In the family photo, she is a strikingly beautiful young mother, vibrant and healthy.
At age 24, she gives birth to my father. Five weeks later, on June 18, 1918, she is dead, one 0f the tens of millions of victims of the 1918 influenza outbreak that raged between March, 1918 and June, 1920.
My mother-in-law, born in 1907, remembered so many people dying in Cartersville that the town ran out of caskets to bury them. Death, disproportionately to the young, hit most every family.
Fearing another possible flu pandemic, the Obama Administration and other governments around the world declared a public health emergency this weekend as clusters of swine flu started surfacing around the globe. The U.S. declaration allows the feds to ship 12 million doses of flu-fighting medications to the states. So far, the 20 confirmed cases in this country are mild and no extraordinary medical response is yet warranted.
U.S. Centers for Disease Control and Prevention official said Sunday that the current flu vaccine does not appear to offer any added protection against the new virus, though older people who’ve been exposed to the mutating viruses for decades may have built up some immunity.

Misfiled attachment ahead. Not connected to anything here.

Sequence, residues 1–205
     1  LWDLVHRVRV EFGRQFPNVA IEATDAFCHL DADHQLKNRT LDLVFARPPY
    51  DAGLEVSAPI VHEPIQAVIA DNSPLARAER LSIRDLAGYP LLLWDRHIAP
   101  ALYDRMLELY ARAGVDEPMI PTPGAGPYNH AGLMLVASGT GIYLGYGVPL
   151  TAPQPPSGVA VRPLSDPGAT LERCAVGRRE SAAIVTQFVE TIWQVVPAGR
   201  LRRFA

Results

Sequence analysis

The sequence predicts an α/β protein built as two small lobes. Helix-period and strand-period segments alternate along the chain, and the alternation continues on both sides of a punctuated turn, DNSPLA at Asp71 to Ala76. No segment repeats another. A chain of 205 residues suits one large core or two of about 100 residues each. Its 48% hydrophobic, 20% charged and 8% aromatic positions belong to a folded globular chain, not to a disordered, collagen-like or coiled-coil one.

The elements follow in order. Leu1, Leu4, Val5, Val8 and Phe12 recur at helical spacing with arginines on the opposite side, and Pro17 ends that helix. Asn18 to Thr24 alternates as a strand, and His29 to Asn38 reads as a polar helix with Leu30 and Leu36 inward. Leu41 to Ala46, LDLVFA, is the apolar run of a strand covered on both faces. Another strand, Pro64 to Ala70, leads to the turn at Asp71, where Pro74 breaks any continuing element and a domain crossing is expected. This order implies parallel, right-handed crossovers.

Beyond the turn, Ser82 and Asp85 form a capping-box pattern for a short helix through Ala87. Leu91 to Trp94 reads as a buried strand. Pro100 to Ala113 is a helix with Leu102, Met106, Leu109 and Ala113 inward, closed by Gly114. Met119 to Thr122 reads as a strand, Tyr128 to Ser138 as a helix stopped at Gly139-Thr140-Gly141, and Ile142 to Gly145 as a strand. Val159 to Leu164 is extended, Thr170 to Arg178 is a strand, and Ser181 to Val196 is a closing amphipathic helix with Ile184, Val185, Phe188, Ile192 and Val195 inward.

I’m curious, here, whether anybody’s planning any changes in your lifestyles or daily routines as a result of the building concern about this particular strain of the flu. Anybody stocking up on food? Planning to work from home? Avoiding large public gatherings? Headed for the hills or the countryside? Nobody would have taken these actions yet, of course, so the question really is a gauge of your thinking and whether you’re concerned about this strain.